NCAA Confirms It Will Not Hold Events In States That Ban Transgender Students from Women’s Sports

Photo Credit: Image by Gerd Altmann from Pixabay

The NCAA issued a statement on Monday in which they confirm they will not hold events in states with bills that ban transgender students, biological men, from competing in women’s sports.

The ACLU thinks so.

Statement from NCAA Board of Governors: April 12, 2021

The NCAA Board of Governors firmly and unequivocally supports the opportunity for transgender student-athletes to compete in college sports. This commitment is grounded in our values of inclusion and fair competition.

“The NCAA has a long-standing policy that provides a more inclusive path for transgender participation in college sports,” the statement said. “Our approach — which requires testosterone suppression treatment for transgender women to compete in women’s sports — embraces the evolving science on this issue and is anchored in participation policies of both the International Olympic Committee and the U.S. Olympic and Paralympic Committee. Inclusion and fairness can coexist for all student-athletes, including transgender athletes, at all levels of sport. Our clear expectation as the Association’s top governing body is that all student-athletes will be treated with dignity and respect. We are committed to ensuring that NCAA championships are open for all who earn the right to compete in them.”

When determining where championships are held, NCAA policy directs that only locations where hosts can commit to providing an environment that is safe, healthy and free of discrimination should be selected. We will continue to closely monitor these situations to determine whether NCAA championships can be conducted in ways that are welcoming and respectful of all participants.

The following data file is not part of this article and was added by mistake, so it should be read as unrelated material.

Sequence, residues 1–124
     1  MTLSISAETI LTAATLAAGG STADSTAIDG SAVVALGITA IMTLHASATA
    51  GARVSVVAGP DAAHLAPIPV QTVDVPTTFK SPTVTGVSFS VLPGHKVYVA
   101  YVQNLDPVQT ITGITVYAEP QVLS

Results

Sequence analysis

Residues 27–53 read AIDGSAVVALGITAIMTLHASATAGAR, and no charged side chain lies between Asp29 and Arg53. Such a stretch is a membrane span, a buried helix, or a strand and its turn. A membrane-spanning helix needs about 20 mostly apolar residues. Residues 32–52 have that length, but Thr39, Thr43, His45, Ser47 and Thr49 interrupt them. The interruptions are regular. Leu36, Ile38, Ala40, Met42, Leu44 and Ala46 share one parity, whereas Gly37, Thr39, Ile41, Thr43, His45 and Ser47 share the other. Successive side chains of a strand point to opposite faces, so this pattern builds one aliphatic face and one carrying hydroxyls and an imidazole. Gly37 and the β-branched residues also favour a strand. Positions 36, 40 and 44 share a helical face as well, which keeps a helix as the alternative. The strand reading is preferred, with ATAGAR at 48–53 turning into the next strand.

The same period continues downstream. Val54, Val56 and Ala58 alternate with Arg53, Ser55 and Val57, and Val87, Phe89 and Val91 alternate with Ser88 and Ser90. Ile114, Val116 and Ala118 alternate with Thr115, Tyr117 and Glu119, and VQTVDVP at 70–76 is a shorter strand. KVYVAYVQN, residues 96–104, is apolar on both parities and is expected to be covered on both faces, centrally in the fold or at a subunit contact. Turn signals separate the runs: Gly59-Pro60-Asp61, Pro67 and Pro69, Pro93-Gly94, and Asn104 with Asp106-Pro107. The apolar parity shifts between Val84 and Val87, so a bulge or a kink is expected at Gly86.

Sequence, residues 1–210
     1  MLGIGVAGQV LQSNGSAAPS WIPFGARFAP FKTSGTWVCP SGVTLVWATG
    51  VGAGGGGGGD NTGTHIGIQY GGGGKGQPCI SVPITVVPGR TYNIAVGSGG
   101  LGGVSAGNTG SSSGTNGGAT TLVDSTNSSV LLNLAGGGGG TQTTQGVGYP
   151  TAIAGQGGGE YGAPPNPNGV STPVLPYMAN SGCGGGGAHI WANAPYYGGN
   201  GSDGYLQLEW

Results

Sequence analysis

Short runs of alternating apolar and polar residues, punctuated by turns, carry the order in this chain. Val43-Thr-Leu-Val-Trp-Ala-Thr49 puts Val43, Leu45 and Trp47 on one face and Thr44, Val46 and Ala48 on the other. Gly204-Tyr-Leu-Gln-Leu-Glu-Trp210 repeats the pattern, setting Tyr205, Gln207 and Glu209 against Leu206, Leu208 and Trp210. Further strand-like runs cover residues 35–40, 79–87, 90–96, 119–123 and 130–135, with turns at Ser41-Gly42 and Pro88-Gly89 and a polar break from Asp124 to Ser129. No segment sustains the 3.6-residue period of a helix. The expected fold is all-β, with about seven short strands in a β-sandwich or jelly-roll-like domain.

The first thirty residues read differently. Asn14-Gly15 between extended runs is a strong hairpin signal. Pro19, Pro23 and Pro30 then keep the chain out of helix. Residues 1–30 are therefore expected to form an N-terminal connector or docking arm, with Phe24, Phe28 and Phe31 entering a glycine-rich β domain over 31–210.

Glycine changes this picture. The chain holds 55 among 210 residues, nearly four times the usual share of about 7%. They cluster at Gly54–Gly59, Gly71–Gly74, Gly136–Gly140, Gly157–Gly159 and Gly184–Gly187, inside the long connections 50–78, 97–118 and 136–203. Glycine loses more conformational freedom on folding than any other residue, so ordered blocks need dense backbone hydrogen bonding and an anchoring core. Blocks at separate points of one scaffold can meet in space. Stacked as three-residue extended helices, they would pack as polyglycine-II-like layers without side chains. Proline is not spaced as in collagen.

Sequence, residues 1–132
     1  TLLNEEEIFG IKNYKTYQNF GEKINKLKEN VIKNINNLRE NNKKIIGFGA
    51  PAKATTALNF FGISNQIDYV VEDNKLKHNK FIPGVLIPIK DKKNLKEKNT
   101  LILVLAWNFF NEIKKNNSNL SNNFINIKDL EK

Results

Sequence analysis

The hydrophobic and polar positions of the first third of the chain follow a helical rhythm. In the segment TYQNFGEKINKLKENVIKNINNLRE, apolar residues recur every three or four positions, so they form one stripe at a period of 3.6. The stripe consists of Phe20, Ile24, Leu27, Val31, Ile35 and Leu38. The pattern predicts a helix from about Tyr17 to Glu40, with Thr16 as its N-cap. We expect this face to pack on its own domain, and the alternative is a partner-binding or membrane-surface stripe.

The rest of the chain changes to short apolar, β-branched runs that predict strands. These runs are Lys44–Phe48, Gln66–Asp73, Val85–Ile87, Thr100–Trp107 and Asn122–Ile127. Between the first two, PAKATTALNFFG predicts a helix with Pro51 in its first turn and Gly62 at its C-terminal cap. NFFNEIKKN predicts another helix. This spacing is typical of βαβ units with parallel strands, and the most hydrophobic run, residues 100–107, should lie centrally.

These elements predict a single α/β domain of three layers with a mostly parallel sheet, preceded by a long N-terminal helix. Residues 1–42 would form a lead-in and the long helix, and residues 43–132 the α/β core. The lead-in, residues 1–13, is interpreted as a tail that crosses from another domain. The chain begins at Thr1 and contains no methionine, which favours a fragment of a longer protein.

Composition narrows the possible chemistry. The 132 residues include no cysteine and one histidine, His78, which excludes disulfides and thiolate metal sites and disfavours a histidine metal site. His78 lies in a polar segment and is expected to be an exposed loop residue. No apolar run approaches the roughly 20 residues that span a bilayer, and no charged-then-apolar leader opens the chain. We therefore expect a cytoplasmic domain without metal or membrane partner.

The New York Times claims, however, that the NCAA actually stopped short of a confirmation. The Times reached out to the organization and a spokesman responded in an email which read: “The Board of Governors continues to monitor the situation and has not made final decisions about the future of championships, Michelle Hosick, a spokeswoman for the N.C.A.A.”

The Times minimizes an NCAA action taken in 2016. After the state of North Carolina passed a law restricting restroom access for transgenders, the NCAA responded by pulling planned 2017 events out of the state.

I suppose it all boils down to the definition of environments that are safe, healthy, free of discrimination, welcoming and respectful of all participants, found in the last paragraph of the NCAA statement. I think it’s safe to say the NCAA has already made up its mind.

The timing of this statement is interesting too. It comes on the heels of the Major League Baseball commissioner’s decision to pull the All-Star Game out of Atlanta, Georgia over that state’s new voter ID requirement. And just days after 100 corporate leaders gathered virtually to settle on a strategy to fight restrictive voting laws.

This may just be the start of a new Democratic strategy to beat state legislatures into submission. To “shake them down” until they stop passing laws the Democrats don’t like.

Although Democrats control the White House and both chambers of Congress, they do NOT control the state legislatures.

According to Ballotpedia:

The breakdown of chamber control after the November 2020 election is as follows:

  • Democrats: 37 chambers
  • Republicans: 61 chambers
  • Power sharing arrangement between the two parties in Alaska: 1

“As of April 8, 2021, Republicans controlled 54.27% of all state legislative seats nationally, while Democrats held 44.91%.”

The Democrats want to consolidate power. All power. Republican control of the majority of statehouses and state senates is getting in their way. And they will do everything in their power to stop that.

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